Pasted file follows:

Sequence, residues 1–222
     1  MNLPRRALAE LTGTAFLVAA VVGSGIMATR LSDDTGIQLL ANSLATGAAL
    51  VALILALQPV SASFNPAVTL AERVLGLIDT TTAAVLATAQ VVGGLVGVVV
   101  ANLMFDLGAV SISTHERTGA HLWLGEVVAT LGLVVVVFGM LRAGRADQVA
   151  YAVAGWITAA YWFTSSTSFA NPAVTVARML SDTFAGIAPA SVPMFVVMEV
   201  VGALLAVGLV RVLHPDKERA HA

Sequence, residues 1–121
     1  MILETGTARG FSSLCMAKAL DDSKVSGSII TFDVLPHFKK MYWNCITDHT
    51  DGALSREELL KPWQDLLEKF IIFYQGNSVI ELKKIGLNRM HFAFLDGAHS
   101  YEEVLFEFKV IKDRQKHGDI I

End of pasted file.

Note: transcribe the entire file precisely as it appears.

Sequence, residues 1–222
     1  MNLPRRALAE LTGTAFLVAA VVGSGIMATR LSDDTGIQLL ANSLATGAAL
    51  VALILALQPV SASFNPAVTL AERVLGLIDT TTAAVLATAQ VVGGLVGVVV
   101  ANLMFDLGAV SISTHERTGA HLWLGEVVAT LGLVVVVFGM LRAGRADQVA
   151  YAVAGWITAA YWFTSSTSFA NPAVTVARML SDTFAGIAPA SVPMFVVMEV
   201  VGALLAVGLV RVLHPDKERA HA

Sequence, residues 1–121
     1  MILETGTARG FSSLCMAKAL DDSKVSGSII TFDVLPHFKK MYWNCITDHT
    51  DGALSREELL KPWQDLLEKF IIFYQGNSVI ELKKIGLNRM HFAFLDGAHS
   101  YEEVLFEFKV IKDRQKHGDI I